Mount Kilimanjaro (Its Geology)

Mount Kilimanjaro (Its Geology): Africa Natural Tours
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Geology of Mount Kilimanjaro
The interior of the volcanic edifice is poorly known, given the lack of large scale erosion that could have exposed the interiors of the volcano. Eruptive activity at the Shira centre commenced about 2.5 million years ago, with the last important phase occurring about 1.9 million years ago, just before the northern part of the edifice collapsed. Shira is topped by a broad plateau at 3,800 metres (12,500 ft), which may be a filled caldera. The remnant caldera rim has been degraded deeply by erosion.
  Before the caldera formed and erosion began, Shira might have been between 4,900 m (16,000 ft) and 5,200 m (17,000 ft) high. It is mostly composed of basic lavas with some pyroclastics. The formation of the caldera was accompanied by lava emanating from ring fractures, but there was no large scale explosive activity. Two cones formed subsequently, the phonolitic one at the northwest end of the ridge and the doleritic "Platzkegel" in the caldera centre. Both Mawenzi and Kibo began erupting about 1 million years ago. They are separated by the "Saddle Plateau" at 4,400 metres (14,400 ft) elevation.

The youngest dated rocks at Mawenzi are about 448,000 years old. Mawenzi forms a horseshoe shaped ridge with pinnacles and ridges opening to the northeast which has a tower like shape resulting from deep erosion and a mafic dyke swarm. Several large cirques cut into the ring, the largest of these sits on top of the Great Barranco gorge. Also notable are the Ost and West Barrancos on the northeastern side of the mountain. Most of the eastern side of the mountain has been removed by erosion. Mawenzi has a subsidiary peak named Neumann Tower (4,425 metres (14,518 ft)).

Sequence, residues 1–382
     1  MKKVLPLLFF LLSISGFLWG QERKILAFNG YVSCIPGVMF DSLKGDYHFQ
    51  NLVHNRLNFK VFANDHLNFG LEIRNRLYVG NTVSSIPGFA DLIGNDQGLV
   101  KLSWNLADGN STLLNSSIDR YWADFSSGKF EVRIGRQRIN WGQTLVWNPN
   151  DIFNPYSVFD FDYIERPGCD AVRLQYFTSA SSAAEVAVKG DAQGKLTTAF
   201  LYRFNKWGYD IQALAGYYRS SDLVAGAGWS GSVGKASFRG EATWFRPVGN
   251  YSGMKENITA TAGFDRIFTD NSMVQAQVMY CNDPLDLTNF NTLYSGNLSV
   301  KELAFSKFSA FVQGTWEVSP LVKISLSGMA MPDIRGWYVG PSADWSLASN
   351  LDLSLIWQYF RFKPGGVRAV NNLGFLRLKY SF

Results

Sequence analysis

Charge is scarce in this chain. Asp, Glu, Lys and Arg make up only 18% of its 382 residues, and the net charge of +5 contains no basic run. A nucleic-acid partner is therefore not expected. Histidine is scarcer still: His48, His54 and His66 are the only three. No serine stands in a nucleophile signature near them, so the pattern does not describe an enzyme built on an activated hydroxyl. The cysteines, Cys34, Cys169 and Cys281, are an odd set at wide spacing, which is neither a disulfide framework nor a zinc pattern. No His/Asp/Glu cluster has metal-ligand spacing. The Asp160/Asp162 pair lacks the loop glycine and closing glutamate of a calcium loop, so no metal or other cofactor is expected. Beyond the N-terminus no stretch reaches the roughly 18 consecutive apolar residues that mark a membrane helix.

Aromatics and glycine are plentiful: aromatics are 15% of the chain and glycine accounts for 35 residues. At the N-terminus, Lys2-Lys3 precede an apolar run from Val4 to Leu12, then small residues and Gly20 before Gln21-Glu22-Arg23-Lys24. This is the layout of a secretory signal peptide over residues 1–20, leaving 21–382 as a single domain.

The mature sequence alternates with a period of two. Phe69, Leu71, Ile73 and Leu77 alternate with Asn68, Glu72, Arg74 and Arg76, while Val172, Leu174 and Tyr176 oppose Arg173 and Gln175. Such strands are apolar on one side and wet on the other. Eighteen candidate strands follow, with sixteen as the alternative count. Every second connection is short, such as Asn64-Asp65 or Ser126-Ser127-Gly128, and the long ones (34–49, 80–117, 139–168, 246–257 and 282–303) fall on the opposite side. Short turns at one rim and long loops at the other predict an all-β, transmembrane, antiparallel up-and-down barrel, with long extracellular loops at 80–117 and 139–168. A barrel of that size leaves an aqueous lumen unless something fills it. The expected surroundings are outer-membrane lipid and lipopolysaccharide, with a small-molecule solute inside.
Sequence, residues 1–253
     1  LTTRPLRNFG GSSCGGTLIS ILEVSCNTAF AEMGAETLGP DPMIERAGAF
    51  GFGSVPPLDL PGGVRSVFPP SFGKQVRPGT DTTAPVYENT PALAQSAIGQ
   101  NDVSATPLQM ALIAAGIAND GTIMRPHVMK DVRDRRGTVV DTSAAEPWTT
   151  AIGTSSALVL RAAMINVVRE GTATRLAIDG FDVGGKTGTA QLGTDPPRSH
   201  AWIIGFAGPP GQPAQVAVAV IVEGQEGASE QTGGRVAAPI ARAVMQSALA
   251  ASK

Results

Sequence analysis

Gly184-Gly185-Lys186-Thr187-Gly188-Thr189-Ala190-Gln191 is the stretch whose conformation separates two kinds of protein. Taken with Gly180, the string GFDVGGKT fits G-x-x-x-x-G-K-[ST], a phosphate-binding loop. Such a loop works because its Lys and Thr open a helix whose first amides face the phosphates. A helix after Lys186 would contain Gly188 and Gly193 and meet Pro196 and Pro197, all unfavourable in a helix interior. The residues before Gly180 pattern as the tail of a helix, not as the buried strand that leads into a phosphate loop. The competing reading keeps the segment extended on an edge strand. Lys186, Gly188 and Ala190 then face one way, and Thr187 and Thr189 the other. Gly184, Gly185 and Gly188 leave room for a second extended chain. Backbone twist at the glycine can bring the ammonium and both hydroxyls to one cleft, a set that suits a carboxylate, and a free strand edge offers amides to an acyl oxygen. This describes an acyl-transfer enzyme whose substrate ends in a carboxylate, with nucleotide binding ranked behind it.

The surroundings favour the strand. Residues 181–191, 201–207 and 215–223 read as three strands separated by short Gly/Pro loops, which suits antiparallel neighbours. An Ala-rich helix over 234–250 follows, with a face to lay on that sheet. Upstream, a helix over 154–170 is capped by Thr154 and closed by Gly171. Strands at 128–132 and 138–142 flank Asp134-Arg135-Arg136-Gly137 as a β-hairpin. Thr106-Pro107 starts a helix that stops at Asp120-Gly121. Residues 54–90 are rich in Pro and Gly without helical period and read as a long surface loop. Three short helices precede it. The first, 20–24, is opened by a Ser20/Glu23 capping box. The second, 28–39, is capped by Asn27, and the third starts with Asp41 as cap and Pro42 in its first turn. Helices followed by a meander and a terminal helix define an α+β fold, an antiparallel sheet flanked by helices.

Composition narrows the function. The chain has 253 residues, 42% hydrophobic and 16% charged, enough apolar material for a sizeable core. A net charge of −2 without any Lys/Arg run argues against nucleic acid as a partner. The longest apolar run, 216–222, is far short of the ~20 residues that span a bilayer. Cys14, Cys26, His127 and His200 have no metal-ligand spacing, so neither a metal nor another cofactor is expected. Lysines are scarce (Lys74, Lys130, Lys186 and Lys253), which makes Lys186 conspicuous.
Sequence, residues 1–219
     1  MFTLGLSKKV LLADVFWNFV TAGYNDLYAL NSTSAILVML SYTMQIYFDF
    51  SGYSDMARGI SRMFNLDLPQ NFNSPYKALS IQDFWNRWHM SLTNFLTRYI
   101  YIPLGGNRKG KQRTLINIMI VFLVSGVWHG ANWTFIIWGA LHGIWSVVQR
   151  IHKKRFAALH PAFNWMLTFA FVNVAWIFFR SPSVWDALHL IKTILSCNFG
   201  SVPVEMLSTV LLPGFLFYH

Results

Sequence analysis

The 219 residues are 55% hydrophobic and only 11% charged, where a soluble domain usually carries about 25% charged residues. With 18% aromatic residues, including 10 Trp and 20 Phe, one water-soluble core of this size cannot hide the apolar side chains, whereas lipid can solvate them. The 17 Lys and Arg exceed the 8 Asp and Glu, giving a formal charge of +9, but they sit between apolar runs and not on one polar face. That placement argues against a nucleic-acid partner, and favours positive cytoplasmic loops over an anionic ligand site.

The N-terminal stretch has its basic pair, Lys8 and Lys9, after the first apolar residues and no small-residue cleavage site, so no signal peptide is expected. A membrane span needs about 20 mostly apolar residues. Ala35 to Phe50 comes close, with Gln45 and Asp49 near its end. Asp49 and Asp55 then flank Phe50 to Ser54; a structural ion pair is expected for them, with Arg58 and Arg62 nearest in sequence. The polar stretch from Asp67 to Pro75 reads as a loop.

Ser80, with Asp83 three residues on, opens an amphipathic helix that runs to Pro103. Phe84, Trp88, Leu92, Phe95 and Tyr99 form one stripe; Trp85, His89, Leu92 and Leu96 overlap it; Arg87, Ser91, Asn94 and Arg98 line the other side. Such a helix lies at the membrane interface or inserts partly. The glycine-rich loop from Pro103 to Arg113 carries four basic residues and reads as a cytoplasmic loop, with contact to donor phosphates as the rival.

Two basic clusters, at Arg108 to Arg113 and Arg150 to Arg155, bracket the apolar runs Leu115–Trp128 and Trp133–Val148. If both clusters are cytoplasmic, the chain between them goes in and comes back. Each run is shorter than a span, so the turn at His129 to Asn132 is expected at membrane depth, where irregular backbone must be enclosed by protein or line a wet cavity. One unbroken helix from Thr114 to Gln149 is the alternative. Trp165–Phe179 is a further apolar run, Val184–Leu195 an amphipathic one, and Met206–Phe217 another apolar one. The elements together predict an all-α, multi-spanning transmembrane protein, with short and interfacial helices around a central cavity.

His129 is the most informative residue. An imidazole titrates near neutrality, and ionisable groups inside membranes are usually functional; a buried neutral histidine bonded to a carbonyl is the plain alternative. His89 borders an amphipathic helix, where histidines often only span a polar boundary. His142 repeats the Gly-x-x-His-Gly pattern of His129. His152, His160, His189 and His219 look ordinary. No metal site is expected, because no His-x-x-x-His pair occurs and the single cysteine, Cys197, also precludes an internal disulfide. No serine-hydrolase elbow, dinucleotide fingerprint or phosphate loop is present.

Kibo is the largest cone and is more than 15 miles (24 km) wide at the "Saddle Plateau" altitude. The last activity here has been dated to between 150,000 and 200,000 years ago and created the current Kibo summit crater. Kibo still has gas-emitting fumaroles in the crater. Kibo is capped by an almost symmetrical cone with escarpments rising 180 metres (590 ft) to 200 metres (660 ft) on the south side. These escarpments define a 2.5-kilometre-wide (1.6 mi) caldera[15] caused by the collapse of the summit. Within this caldera is the Inner Cone and within the crater of the Inner Cone is the Reusch Crater, which the Tanganyika government in 1954 named after Gustav Otto Richard Reusch upon his climbing the mountain for the 25th time (out of 65 attempts during his lifetime). The Ash Pit, 350 metres (1,150 ft) deep, lies within the Reusch Crater. About 100,000 years ago, part of Kibo's crater rim collapsed, creating the area known as the Western Breach and the Great Barranco.
An almost continuous layer of lavas buries older geological features, with the exception of exposed strata within the Great West Notch and the Kibo Barranco. Kibo has five main lava formations: Phonotephrites and tephriphonolites of the "Lava Tower group", on a dyke cropping out at 4,600 metres (15,100 ft), 482,000 years ago, Tephriphonolite to phonolite lavas "characterized by rhomb mega-phenocrysts of sodic feldspars" of the "Rhomb Porphyry group", 460,000–360,000 years ago, aphyric phonolite lavas, "commonly underlain by basal obsidian horizons", of the "Lent group", 359,000–337,000 years ago, porphyritic tephriphonolite to phonolite lavas of the "Caldera rim group", 274,000–170,000 years ago and phonolite lava flows with aegirine phenocrysts, of the "Inner Crater group", which represents the last volcanic activity on Kibo.
Kibo has more than 250 parasitic cones on its northwest and southeast flanks that were formed between 150,000 and 200,000 years ago and erupted picrobasalts, trachybasalts, ankaramites, and basanites. They reach as far as Lake Chala and Taveta in the southeast and the Lengurumani Plain in the northwest. Most of these cones are well preserved, with the exception of the Saddle Plateau cones that were heavily affected by glacial action. Despite their mostly small size, lava from the cones has obscured large portions of the mountain. The Saddle Plateau cones are mostly cinder cones with terminal effusion of lava, while the Upper Rombo Zone cones mostly generated lava flows. All Saddle Plateau cones predate the last glaciation.

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